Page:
A folio composite volume of chiefly letters, in various hands. 1640s.
Microfilm in the British Library, M/286 (2nd item).
• ClJ 65: John Cleveland, The Kings Disguise (‘And why so coffin'd in this vile disguise’)
Copy, in a secretary hand, headed ‘The kinges disguise’, on three pages of a pair of conjugate quarto leaves.
First published in Character (1647). Morris & Withington, pp. 6-9.
A folio composite volume of Percy family poems, in various hands, in half red morocco. Early-mid-18th century.
• DnJ 1747.5: John Donne, A lame begger (‘I am unable, yonder begger cries’)
Copy, headed ‘On a Beggar’ and here beginning ‘I am not able, younger cripple cryes’.
First published in Thomas Deloney, Strange Histories (London, 1607), sig. E6. Poems (1633). Grierson, I, 76. Milgate, Satires, p. 51. Shawcross, No. 88. Variorum, 8 (1995), pp. 7 (as ‘Zoppo’) and 10.
• StW 331.5: William Strode, On a Butcher marrying a Tanners daughter (‘A fitter Match hath never bin’)
First published in William Camden, Remaines (London, 1636). Dobell, p. 119. Forey, p. 18.
• StW 1005.5: William Strode, A Sonnet (‘My Love and I for kisses played’)
First published in A Banquet of Jests (London, 1633). Dobell, p. 47. Forey, p. 211. The poem also discussed in C.F. Main, ‘Notes on some Poems attributed to William Strode’, PQ, 34 (1955), 444-8 (p. 446-7).
• HrJ 154.5: Sir John Harington, Of a Lady that left open her Cabbinett (‘A vertuose Lady sitting in a muse’)
First published in ‘Epigrammes’ appended to J[ohn] C[lapham], Alcilia, Philoparthens Louing Folly (London, 1613). McClure No. 404, p. 312. Kilroy, Book IV, No. 57, p. 231.
• HeR 351.5: Robert Herrick, King Oberon his Cloathing (‘When the monethly horned Queene’)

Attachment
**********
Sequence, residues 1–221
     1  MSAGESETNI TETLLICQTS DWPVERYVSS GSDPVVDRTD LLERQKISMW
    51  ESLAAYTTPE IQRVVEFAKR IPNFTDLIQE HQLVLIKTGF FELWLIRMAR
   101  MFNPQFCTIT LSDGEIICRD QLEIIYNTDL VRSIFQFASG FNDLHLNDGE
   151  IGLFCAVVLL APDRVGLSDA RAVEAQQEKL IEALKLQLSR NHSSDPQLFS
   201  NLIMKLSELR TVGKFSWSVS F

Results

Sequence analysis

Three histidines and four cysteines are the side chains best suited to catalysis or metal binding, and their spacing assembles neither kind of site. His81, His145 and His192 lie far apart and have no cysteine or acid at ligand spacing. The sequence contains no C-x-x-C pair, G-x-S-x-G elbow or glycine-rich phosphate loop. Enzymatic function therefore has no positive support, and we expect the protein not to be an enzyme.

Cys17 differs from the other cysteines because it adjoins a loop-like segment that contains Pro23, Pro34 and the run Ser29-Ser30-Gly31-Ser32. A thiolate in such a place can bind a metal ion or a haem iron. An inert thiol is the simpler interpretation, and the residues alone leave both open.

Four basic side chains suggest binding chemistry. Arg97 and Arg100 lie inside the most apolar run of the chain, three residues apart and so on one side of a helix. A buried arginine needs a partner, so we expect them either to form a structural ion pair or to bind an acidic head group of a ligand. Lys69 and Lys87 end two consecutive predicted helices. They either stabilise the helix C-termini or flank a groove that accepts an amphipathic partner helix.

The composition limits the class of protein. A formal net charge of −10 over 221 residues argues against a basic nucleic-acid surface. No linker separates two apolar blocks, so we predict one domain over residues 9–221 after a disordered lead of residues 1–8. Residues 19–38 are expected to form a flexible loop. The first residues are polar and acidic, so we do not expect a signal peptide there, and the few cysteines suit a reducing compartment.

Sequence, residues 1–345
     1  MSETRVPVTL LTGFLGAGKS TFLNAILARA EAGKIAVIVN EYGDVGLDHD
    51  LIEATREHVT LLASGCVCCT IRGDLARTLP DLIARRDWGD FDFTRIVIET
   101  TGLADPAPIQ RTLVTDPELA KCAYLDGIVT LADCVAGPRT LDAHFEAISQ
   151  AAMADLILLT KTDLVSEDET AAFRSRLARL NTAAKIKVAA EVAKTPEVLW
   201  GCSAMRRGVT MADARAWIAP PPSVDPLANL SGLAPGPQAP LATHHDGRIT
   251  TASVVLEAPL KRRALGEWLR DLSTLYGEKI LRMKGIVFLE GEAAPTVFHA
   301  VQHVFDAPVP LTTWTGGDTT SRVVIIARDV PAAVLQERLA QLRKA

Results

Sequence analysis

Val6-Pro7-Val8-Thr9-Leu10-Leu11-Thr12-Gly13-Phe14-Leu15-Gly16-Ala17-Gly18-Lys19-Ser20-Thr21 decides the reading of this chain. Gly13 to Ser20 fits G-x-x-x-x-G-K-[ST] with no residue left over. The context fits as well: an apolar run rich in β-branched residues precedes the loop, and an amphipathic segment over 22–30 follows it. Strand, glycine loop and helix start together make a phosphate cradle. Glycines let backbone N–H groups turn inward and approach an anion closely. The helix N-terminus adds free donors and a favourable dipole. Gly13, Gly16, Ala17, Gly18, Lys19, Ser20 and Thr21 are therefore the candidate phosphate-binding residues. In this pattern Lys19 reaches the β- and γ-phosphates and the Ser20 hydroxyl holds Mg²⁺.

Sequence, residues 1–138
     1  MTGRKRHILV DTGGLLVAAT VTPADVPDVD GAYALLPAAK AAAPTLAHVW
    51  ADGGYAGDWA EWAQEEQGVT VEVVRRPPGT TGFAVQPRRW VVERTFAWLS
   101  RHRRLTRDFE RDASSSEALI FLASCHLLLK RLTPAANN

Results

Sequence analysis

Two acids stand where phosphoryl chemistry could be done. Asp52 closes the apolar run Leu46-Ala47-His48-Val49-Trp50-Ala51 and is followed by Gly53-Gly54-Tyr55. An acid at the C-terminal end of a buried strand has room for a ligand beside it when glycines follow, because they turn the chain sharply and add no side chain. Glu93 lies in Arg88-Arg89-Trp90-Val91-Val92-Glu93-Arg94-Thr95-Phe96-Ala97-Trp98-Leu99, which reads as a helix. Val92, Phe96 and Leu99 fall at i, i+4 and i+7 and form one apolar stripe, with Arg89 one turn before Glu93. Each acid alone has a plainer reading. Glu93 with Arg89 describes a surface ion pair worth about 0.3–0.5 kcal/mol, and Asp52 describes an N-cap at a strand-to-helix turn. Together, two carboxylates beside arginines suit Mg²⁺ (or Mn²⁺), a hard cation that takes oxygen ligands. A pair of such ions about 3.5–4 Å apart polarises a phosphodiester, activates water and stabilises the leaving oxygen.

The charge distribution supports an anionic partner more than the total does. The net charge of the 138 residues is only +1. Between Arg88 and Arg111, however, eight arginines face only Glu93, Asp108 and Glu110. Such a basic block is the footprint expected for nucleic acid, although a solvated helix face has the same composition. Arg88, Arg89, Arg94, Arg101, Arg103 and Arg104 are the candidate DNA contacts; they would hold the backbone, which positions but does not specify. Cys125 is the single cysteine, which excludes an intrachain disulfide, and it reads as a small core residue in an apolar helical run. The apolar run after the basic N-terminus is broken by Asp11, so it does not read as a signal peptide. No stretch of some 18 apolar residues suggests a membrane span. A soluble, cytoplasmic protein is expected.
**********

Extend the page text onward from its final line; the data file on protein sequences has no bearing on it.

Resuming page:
Copy of part of the poem, headed ‘The Fairy King's apparell’ and beginning at line 11, here ‘In a cobweb shirt more thin’.
First published, as ‘A Description of the King of Fayries Clothes’ and attributed to Sir Simeon Steward, in A Description of the King and Queene of Fayries (London, 1634). Musarum Deliciae (London, 1656), p. 32. Attributed to Herrick in Hazlitt, II, 473-7, and in Norman K. Farmer, Jr., ‘Robert Herrick and “King Oberon's Clothing”: New Evidence for Attribution’, Yearbook of English Studies 1 (1971), 68-77. Not included in Martin or in Patrick. See also T.G.S. Cain, ‘Robert Herrick, Mildmay Fane, and Sir Simeon Steward’, ELR, 15 (1985), 312-17.
Copy, in a secretary hand, with annotations in the hand of Thomas Percy (1729-1811), Bishop of Dromore, writer and literary editor, 134 folio leaves. c.1600.
CvG 41: George Cavendish, The Life of Cardinal Wolsey
Sylvester, No. 25.
First published in George Cavendish, The Life of Cardinal Wolsey and Metrical Visions, ed. Samuel W. Singer, 2 vols (Chiswick, 1825). The Life and Death of Cardinal Wolsey by George Cavendish, ed. Richard S. Sylvester, EETS, orig. ser. 243 (London, New York and Toronto, 1959).
Copy, with a dedication to Queen Elizabeth (beginning ‘To that cleare Majestie, which in the North’), in the hand of an amanuensis, with Davies's autograph dedication to Northumberland (beginning ‘The strongest and the noblest argument’). [1598-9].
*DaJ 70: Sir John Davies, Nosce Teipsum (‘Why did my parents send me to the schooles’)